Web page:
Of the four principal varieties of the muscat grape, including Muscat of Alexandria, Muscat Blanc, Muscat Hamburg, and Muscat Ottonel, the most widely propagated and also most representative of the family character is Muscat Blanc, known as Muscat Frontignan in France and Moscato di Canelli in Italy.
Each muscat produces, with subtle variation, wines with the distinct, intense, aromatic, sweet, and easily-recognized scent of muscat and, unusual for most wine varieties, that actually taste like grapes.
Muscat is a very ancient variety and, with its strong and distinctive perfume, was probably one of the first to be identified and cultivated. Nearly every Mediterranean country has a famous wine based on muscat and varying from light and bone dry, to low-alcohol sparkling versions, to very sweet and alcoholic potions.
Main features : The muscat vine is not very vigorous in most soil types, especially sandy mixtures, and seems to prefer damp, deep soils. It also falls victim quite easily to any of several vine diseases. Normally early in budding, muscat may also suffer from Spring frost. All things considered, muscat would not seem to be a grape that would be cultivated so widely as it is.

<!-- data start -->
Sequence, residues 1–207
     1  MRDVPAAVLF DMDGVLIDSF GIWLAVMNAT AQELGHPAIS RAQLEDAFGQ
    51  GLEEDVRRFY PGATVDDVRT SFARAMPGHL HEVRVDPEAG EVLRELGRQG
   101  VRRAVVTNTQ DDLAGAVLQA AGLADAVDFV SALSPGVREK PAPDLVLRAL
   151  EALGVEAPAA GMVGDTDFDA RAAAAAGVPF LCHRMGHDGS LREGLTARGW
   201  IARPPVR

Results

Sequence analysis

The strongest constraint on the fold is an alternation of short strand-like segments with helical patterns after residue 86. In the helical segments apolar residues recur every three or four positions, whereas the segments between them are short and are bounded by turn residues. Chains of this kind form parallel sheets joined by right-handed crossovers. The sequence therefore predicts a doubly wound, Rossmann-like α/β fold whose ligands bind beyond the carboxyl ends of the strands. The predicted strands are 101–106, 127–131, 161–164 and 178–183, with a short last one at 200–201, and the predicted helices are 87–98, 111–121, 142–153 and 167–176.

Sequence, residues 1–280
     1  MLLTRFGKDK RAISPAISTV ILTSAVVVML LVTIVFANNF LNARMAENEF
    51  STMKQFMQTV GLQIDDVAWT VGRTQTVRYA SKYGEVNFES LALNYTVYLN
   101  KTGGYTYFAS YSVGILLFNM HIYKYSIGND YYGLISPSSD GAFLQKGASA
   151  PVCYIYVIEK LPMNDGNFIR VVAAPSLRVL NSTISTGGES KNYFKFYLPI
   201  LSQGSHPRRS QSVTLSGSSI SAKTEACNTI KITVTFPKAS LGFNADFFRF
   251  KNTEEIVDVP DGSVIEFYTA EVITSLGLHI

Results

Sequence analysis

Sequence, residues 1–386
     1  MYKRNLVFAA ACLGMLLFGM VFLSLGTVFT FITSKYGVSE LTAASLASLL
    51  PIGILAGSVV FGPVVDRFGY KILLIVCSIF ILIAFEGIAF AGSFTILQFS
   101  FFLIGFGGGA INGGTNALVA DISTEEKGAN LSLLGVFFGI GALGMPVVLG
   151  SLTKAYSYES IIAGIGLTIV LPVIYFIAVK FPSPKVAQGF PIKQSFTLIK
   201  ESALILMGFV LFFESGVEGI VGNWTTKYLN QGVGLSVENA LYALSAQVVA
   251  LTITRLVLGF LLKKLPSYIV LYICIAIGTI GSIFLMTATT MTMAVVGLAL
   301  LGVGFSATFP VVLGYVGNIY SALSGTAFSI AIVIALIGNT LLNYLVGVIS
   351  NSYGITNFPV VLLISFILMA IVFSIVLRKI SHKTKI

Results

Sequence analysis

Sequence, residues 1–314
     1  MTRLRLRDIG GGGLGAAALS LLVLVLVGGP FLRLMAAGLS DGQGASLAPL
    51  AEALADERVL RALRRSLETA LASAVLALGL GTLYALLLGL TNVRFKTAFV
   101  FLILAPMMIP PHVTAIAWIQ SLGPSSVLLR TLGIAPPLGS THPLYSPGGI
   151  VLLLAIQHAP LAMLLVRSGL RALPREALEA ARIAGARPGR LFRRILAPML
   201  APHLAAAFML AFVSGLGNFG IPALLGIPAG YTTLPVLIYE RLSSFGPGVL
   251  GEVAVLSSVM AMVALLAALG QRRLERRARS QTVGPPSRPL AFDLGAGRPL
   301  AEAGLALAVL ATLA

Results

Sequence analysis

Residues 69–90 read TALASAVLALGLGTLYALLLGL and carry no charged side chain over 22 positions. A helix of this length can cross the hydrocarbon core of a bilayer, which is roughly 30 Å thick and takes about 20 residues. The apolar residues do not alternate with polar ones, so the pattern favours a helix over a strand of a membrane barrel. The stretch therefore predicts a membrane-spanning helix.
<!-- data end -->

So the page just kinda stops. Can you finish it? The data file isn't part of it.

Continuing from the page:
Oenological potential :The full name is Muscat Blanc à Petits Grains and the berries are quite small and round, but not always white. The spectrum includes pale green, pale yellow, golden, pink, red, brown, and black berries. Some vines produce fruit that can be different colored each vintage. Coriander, peach, orange, tropical fruits, floral best if not aged in wood
Use : Muscat de Beaumes de Venise, Muscat de Lunel, Muscat de Frontignan, Muscat de Mireval, Muscat de de Saint Jean de minervois, Muscat de de Rivesaltes.